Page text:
In the television series Merlin it was used as symbol of druids.

In anime Nanatsu no Taizai it is used as symbol of goddesses clan.

A Triskelion can be interpreted from the center of the soccer ball from the logo of FC_Barcelona, the football/soccer club from the Barcelona, Spain.

Reconstructionists and neopagansEdit

The triskele, usually consisting of spirals, but also the "horned triskelion", is used by some polytheistic reconstructionist and neopagan groups. As a Celtic symbol, it is used primarily by groups with a Celtic cultural orientation and, less frequently, can also be found in use by various eclectic or syncretic traditions such as Neopaganism. The spiral triskele is one of the primary symbols of Celtic Reconstructionist Paganism.[16] Celtic Reconstructionists use the symbol to represent a variety of triplicities in their cosmology and theology; it is also a favored symbol due to its association with the god Manannán mac Lir.[16]

Occurrence in natureEdit

The endocytic protein, clathrin, is triskelion-shaped.[17] The Ediacaran fossil Tribrachidium is also triskelion shaped.


See alsoEdit


  1. ^ τρισκελής, Henry George Liddell, Robert Scott, A Greek-English Lexicon, on Perseus Digital Library
  2. ^ τρι- Archived 2012-10-04 at the Wayback Machine, Henry George Liddell, Robert Scott, A Greek-English Lexicon, on Perseus Digital Library
  3. ^ σκέλος, Henry George Liddell, Robert Scott, A Greek–English Lexicon, on Perseus Digital Library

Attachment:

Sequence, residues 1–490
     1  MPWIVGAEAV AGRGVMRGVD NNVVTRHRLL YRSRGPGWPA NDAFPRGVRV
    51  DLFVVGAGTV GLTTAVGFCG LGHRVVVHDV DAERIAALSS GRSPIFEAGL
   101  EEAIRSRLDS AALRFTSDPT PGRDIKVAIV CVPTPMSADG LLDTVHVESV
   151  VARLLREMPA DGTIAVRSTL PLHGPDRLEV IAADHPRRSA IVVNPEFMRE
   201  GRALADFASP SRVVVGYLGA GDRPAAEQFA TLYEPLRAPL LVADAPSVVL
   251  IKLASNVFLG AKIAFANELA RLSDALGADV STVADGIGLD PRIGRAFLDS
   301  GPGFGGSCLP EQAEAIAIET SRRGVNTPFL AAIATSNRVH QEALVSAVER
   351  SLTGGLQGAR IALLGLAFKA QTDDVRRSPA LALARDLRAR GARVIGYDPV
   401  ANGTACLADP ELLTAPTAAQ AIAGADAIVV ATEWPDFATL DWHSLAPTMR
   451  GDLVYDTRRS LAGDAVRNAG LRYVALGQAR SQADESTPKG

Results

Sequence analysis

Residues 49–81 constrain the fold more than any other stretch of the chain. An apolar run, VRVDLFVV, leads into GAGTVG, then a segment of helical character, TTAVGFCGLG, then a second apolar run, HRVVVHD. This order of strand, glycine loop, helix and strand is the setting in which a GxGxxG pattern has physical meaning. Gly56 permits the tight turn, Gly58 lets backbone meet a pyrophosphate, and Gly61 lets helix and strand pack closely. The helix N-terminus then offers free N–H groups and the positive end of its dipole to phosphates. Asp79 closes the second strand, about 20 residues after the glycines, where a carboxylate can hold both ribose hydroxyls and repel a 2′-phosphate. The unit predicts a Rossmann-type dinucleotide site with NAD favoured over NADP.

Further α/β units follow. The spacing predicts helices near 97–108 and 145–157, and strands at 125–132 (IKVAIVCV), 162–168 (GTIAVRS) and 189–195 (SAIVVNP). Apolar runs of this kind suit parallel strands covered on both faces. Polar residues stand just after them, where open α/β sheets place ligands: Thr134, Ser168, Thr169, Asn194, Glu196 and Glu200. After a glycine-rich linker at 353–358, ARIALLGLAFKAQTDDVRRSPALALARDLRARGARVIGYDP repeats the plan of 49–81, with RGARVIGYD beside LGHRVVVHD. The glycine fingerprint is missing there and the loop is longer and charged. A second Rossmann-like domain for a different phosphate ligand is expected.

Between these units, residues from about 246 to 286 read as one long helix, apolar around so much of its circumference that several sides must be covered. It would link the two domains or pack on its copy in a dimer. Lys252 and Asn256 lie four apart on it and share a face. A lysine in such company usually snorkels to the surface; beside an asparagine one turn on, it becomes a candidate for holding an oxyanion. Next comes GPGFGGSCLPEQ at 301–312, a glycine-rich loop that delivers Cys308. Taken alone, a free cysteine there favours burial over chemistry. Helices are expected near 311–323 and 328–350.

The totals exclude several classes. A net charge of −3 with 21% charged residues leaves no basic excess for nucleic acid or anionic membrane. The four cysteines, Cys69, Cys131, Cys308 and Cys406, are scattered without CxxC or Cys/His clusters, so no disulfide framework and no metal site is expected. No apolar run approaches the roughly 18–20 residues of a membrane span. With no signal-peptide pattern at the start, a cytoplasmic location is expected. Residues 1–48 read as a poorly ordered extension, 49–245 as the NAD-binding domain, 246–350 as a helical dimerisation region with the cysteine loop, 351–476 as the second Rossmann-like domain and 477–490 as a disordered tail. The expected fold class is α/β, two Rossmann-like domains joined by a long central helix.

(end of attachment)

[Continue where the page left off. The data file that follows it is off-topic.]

4. ^ Angelo & Mario Grifasi (1999-01-28). "Sicilia: Il Perchè del nome Trinacria". Retrieved 2010-06-20.
  5. ^ "Isle of Man Government". Archived from the original on 2007-05-10. Retrieved 2012-04-18.
  6. ^ a b "Newgrange Ireland - Megalithic Passage Tomb - World Heritage Site". 2007-12-21. Retrieved 2013-08-16.
  7. ^ For example, the trislele on Achilles' round shield on an Attic late 6th century BCE hydria at the Boston Museum of Fine Arts, illustrated in John Boardman, Jasper Griffin and Oswyn Murray, Greece and the Hellenistic World (Oxford History of the Classical World) vol. I (1988), p. 50.
  8. ^ "Weddings in Sicily Taormina". Archived from the original on 2017-09-16. Retrieved 2017-09-15.
  9. ^ Matthews, Jeff (2005) Symbols of Naples Archived 2009-10-30 at the Wayback Machine
  10. ^ Anthony Murphy and Richard Moore, Island of the Setting Sun: In Search of Ireland's Ancient Astronomers, 2nd ed., Dublin: The Liffey Press, 2008, pp. 168–169
  11. ^ Kane, Robert M. (1 January 2019). "Air Transportation". Kendall Hunt – via Google Books.
  12. ^ The Aircraft Encyclopedia by Roy Braybrook, ISBN 0-671-55337-2, p. 51
  13. ^ "We Love Life: Music - 45 RPM Adapters". 2009-11-26. Archived from the original on 2009-12-02. Retrieved 2013-08-16.
  14. ^ "Boing Boing: Gadgets - Twenty 45 adapters". 2008-12-05. Retrieved 2013-08-16.
  15. ^ Luminais, Misty (May 2012). In the Habit of Being Kinky: Practice and Resistance in a BDSM Community, Texas, USA (PDF). Washington State University. p. 121. Retrieved 10 November 2014.
  16. ^ a b Bonewits, Isaac (2006) Bonewits's Essential Guide to Druidism. New York, Kensington Publishing Group ISBN 0-8065-2710-2. p. 132: [Among Celtic Reconstructionists] "...An Thríbhís Mhòr (the great triple spiral) came into common use to refer to the three realms." Also p. 134: [On CRs] "Using Celtic symbols such as triskeles and spirals"
  17. ^